The photographers in the Rise and Fall of Apartheid are predominantly male, but important female names include Jodi Bieber, Jillian Edelstein, Sue Williamson, Wendy Shwegmann and Gisèle Wulfsohn. Other names include Jane Alexander, whose Faustian-styled response to the country’s apartheid and non-democratic status is shown. New York-born photographer, Margaret Bourne-White’s 1950s images of prisoners and tribesmen signing gold contracts form part of her portfolio of work under her status as the first female war correspondent, while Catherine Ross’s 1991 anti-Margaret Thatcher images highlight a new era of more outwardly- focused rebellion from South Africa’s younger generation. It’s the work of these and all the other photographers listed in the Rise and Fall of Apartheid that may have paved the way for South Africa’s younger or up-and- coming male and female photographers or photo collectives, whose individual choices of photographic subject matter come from a long history of documenting the diverse images of the nation – even through its struggles. Whether politically motivated or not, the work of artists like Nontsikelelo Veleko or photo collective iseeadifferentyou, whose highly fashion-focused street shots that highlight black identity and urbanization have a thread that goes back to the country’s earlier days of photography when the freedom to shoot was so often off limits.
The predominantly monochrome images in the Rise and Fall of Apartheid are arranged chronologically and interwoven with detailed essays that put the pernicious world of apartheid into context. Contributions come from literary scholar and cultural policy advisor, Andries Walter Oliphant, philosopher and political scientist, Achille Mbembe, Professor of History at the University of the Western Cape, Patricia Hayes, Johannesburg- based curator and writer, Khwezi Gule, and Emeritus Professor of History of Art at University of Cape Town, Michael Goodby. An essay titled Restructuring Apartheid by the late artist, writer, and professor, Colin Richards states that “It was through photography that the reality of apartheid became globalized.” Whether counted as photojournalism, political documentation or street photography, the reality of the effects that South Africa’s system of racial divisions had on the country is stark. However, this isn’t a morbid book. It’s essentially a necessary and important document of a specific span of a very particular history, with the lives of the country’s citizens – both black and white – seen through the lenses of a diverse range of photographers, each presenting the country’s reality as they see it. The subjects of the images, be they migrant workers, student protesters, street cleaners, pallbearers, church goers, diplomats or nightclub dancers, each have their own stories to tell through body language, signs, placards, victory signs, laughter, sorrow, or plain and direct eye-to- camera contact. Ending significantly in 1995, post Mandela’s inauguration as president, there’s perhaps an interesting and lingering question as to what another such well-researched publication documenting the country’s ‘new democracy’ in the era before and after Mandela’s passing might look like.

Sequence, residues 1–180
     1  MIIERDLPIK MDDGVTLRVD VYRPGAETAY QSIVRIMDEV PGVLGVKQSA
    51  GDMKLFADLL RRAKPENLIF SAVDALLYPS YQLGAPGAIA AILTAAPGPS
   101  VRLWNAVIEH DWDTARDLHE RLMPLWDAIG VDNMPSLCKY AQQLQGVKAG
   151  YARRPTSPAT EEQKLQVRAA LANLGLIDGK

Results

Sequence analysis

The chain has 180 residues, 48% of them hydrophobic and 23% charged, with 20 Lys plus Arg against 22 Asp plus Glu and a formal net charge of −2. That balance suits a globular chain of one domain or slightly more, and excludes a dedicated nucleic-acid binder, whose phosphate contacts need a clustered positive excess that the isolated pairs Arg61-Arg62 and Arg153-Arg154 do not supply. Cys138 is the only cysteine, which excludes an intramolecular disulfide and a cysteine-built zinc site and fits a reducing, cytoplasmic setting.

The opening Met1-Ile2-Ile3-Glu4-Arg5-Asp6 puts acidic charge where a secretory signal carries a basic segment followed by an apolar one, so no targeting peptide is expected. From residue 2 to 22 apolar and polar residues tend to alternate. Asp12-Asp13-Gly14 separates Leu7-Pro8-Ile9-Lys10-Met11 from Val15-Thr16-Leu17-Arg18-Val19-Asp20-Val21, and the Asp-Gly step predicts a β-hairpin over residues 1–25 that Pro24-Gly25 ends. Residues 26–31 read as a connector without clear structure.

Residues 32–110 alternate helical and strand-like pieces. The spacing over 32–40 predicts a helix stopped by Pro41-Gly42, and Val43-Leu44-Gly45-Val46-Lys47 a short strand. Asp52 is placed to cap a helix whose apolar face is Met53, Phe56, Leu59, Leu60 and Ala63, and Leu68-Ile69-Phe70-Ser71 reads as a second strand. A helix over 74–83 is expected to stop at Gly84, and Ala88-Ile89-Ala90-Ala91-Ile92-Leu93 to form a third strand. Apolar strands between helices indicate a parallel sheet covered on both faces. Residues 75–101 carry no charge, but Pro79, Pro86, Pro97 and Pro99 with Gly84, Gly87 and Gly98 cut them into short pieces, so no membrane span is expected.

Full article published in Omenka Magazine Volume I Issue IV.